There once was a “beard tax” in England (and in Russia), those who payed the tax were given a token

 
 
 
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To be honest, when we first heard the term “beard tax,” we hoped that it would be some new measure to control this odd “hipster beard” phenomenon. However, despite our hopes, the “beard tax” actually goes back to the 16th Century in England.

In 1535, King Henry VIII, who sported a beard himself, introduced a tax on beards.

Henry VIII of England
Henry VIII of England

It was a graduated tax depending on the beard wearer’s social position; the higher was the wearer’s standing in society, the larger amount of money he had to pay, making facial hair a symbol of status.

Photograph of unidentified man with beard
Photograph of unidentified man with beard

After the beard tax was dropped, Henry’s daughter, Queen Elizabeth I of England, re-introduced it again and began taxing every beard of more than two week’s growth.

Russian-orthodox-monk-with-a-large-beard
Russian Orthodox monk with a large beard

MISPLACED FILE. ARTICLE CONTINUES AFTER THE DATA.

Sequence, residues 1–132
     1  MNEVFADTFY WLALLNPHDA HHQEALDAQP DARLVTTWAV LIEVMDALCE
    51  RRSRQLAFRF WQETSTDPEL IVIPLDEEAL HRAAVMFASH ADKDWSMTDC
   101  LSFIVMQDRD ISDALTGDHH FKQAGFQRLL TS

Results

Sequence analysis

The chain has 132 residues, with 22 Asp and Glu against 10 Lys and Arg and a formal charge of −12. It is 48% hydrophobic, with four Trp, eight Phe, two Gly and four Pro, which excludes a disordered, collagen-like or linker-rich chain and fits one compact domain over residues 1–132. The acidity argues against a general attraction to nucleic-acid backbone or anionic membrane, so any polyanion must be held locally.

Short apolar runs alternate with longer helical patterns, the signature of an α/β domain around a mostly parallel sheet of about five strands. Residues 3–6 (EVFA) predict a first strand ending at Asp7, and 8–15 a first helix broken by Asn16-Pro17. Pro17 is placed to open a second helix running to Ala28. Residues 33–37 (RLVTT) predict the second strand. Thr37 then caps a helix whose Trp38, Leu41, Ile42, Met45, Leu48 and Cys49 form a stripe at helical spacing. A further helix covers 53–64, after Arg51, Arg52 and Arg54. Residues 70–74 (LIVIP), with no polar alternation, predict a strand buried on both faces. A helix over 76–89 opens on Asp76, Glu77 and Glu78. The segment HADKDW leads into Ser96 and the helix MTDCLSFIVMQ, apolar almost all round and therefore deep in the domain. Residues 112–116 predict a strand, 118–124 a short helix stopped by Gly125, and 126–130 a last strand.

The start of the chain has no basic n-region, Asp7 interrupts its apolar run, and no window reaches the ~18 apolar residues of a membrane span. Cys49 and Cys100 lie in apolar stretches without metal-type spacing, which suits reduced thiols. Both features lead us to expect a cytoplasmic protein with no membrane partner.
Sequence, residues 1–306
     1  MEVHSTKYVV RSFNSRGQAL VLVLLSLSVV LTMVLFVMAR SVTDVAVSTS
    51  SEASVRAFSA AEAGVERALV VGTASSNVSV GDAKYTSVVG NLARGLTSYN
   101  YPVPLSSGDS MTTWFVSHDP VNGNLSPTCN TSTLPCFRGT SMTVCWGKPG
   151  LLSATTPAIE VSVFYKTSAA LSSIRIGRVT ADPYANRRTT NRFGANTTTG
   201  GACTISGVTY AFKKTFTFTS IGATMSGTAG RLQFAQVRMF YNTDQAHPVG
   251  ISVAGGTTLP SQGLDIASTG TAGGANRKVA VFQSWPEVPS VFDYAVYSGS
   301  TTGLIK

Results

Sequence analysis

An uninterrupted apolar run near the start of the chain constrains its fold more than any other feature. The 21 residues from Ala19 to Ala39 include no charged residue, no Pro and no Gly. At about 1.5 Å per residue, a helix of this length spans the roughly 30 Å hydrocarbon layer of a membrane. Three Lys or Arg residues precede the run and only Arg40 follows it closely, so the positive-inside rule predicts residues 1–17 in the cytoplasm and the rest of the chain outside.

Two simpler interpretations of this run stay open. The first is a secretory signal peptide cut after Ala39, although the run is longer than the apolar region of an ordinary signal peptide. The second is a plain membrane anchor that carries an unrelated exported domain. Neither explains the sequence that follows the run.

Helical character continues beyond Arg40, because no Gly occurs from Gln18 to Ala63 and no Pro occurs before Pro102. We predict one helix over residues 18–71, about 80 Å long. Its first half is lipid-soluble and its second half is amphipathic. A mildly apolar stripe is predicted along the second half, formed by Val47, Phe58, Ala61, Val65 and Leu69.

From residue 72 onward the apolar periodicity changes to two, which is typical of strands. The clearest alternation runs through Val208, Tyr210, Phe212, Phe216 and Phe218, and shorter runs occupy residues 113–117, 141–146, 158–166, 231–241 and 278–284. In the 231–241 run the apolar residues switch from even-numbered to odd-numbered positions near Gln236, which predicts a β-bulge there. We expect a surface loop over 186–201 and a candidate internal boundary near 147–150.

In 1698, Emperor Peter I of Russia, as part of his efforts to modernize Russian society following European models, instituted a beard tax for everyone who sported a beard or mustache.

Peter the Great ruled the Tsardom of Russia and later the Russian Empire from 7 May (O.S. 27 April) 1682 until his death,
Peter the Great ruled the Tsardom of Russia and later the Russian Empire from 7 May (O.S. 27 April) 1682 until his death,

In Russia, the bearded men who would the pay the beard tax were required to carry a “beard token.”

A Russian beard token from 1705, carried to indicate that the owner had paid the beard tax imposed by Peter the Great
A Russian beard token from 1705, carried to indicate that the owner had paid the beard tax imposed by Peter the Great

The beard token was usually silver or copper coin, embossed with a Rusian Eagle on one side, while on the other, the lower part of a face with nose, mouth, whiskers, and beard.

The token was inscribed with two phrases “the beard tax has been taken” (lit: “Money taken”) and “the beard is a superfluous burden”.

Here is another interesting read from our vault that you may like:Unusual bearded baseball team: The House of David team was a baseball version of the Harlem Globetrotters

The “rebels” who would resist paying the tax on their facial hair were punished by being forcibly and publicly shaved. The beard tax was eventually abolished in 1772.